Back on dry land, make a beeline for the windmill-studded village of Antigua where your taste buds will be tickled by a tour of the Queso Majorero museum dedicated to the island’s delicious nut-flavoured goat’s cheese.
Island-hoppers tip: There are four ferries per day linking Lanzarote’s Playa Blanca, with Corralejo in Fuerteventura and the trip takes 30 minutes.
Abundant ferry connections and excellent air links make Tenerife your best base for island hopping around the western Canary Islands.
With its blissful climate and buzzing nightlife scene, you could easily spend a week on Tenerife. From here, it’s best to trace a leisurely circle, flying to La Palma and spending several days here, before hopping over to La Gomera for a few days, then catching a ferry to El Hierro. Return from here to Tenerife, where flights leave for London Gatwick, Luton, Bristol, Manchester and more.
Dubbed ‘the island of eternal spring’ because of its balmy climate, Tenerife is the largest in this group of islands. An easy ferry hop over dazzling seas from Fuerteventura, this sun-drenched island, with its smouldering black- and red-sand beaches and vibrant nightlife, is best visited during its celebrated carnival, which is second only to Rio’s.
Tenerife is also renowned for champion-grade golf courses, but if you prefer wilder thrills make a beeline for the island’s less touristy northern half, or scale mighty Mount Teide, the world’s third largest volcano.
Island-hoppers tip: There are daily flights from Tenerife to La Palma – flight time is 30 minutes. There are also regular ferries linking the two islands and journey time is around three and a half hours.
With its lush forests, stunning beaches and breathtaking volcanoes, the UNESCO-listed starlight reserve of La Palma easily merits its title of Isla Bonita, or Beautiful Island. Huddled around its boat-dotted port, the main town Santa Cruz is a delightful hotchpotch of narrow cobbled streets and houses with wooden balconies.
The best way to discover the island is to head out on one of its scenic hiking trails. When the sun sinks over those volcanic landscapes head for world-renowned observatory El Roque de Los Muchachos for a stargazing session beneath satin-black skies.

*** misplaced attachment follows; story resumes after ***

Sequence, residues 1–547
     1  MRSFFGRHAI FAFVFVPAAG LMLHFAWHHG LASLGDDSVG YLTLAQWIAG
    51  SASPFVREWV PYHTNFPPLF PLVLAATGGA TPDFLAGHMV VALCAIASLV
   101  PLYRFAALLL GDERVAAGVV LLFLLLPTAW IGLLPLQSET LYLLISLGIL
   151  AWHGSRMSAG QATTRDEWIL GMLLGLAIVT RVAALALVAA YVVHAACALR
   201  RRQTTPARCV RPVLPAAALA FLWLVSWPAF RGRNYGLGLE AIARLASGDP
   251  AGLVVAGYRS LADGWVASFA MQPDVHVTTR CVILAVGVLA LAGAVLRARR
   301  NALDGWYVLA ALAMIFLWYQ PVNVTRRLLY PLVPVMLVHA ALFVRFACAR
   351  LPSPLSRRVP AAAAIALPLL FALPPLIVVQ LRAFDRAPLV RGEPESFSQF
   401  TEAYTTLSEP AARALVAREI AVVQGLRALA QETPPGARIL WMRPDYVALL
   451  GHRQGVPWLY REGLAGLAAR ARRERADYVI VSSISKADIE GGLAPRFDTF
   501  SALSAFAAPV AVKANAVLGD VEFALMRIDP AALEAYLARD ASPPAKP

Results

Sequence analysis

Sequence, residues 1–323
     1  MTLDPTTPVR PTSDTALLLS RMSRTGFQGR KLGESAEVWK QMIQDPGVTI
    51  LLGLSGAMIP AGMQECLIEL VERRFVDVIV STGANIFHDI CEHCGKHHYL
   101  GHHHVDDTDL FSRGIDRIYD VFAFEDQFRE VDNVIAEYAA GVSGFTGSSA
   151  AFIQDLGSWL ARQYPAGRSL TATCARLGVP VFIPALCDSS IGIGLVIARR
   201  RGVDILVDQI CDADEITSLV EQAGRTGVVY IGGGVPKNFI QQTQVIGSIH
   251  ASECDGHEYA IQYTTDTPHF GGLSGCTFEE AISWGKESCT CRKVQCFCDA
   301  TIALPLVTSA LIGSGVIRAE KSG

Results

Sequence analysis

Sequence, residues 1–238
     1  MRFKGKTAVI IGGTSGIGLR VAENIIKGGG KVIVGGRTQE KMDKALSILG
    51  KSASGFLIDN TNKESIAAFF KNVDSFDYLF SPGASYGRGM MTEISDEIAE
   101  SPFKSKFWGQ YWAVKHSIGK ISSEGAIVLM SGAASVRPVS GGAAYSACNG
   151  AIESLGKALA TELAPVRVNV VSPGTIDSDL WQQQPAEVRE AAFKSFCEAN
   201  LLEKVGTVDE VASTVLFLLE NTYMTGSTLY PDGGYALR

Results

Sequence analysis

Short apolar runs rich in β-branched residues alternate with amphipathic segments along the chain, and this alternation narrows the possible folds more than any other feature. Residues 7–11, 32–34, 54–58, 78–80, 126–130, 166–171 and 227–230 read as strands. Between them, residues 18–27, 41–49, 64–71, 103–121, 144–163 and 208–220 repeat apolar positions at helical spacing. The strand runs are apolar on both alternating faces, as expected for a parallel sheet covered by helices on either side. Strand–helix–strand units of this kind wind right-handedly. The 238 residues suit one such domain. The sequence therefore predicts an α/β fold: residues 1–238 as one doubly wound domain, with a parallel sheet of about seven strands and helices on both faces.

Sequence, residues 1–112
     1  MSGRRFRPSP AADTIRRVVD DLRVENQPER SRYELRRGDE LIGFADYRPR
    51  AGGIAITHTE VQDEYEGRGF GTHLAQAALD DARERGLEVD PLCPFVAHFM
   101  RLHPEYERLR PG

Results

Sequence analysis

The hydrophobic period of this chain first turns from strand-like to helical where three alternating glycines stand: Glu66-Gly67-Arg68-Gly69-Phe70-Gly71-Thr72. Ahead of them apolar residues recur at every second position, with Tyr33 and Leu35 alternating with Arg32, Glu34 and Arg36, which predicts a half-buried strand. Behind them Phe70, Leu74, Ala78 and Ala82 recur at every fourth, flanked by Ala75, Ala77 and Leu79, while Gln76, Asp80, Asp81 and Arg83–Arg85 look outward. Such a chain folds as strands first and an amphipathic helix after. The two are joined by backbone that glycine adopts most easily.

Island-hoppers tip: There are several ferries a day from La Palma to La Gomera and the trip takes around two hours.
For a get away-from-it-all Canary Islands experience, you can’t do better than La Gomera. This near-circular bite-sized island famed for its ancient Silbo whistling language is a wonderland of wild walking trails, dizzily steep cactus-spiked ravines, authentic villages and pristine seascapes centred around the UNESCO-classed Garajonay National Park.
Sights not-to-miss here include Garajonay’s eerie and ancient tropical laurel forest, the majestic black sand beaches of Valle Gran Rey and dramatic views from cliff-top Agulo, which are best enjoyed from the hamlet’s spectacular glass-bottomed Mirador de Abrante restaurant.
Island-hoppers tip: There are daily flights from Tenerife to El Hierro and the trip take 40 minutes. There are also several ferries a week. Journey time is around three hours.
One of the smallest pearls in the Canary’s glittering necklace, this UNESCO-listed biosphere reserve, where power is sourced from wind, sun, and water, is also one of the archipelago’s most sustainable islands.
Perfect for all abilities, well-signposted trails lead hikers to discover striking sights, ranging from the fertile slopes of The Gulf Valley to the cave-like Guinea Lava Tubes where the El Hierro’s first inhabitants, the Bimbaches, once lived.
With several marine reserves, El Hierro’s waters are rich in marine life, whilst land areas teem with wildlife, including the gallotia simonyi, El Hierro’s – slightly terrifying – endemic lizard that can grow to the size of a small cat.
Island-hoppers tip: With only a few ferries per week out of Tenerife, you’ll need to plan in advance if you want to make the two-and-a-half hour trip to visit this remote island.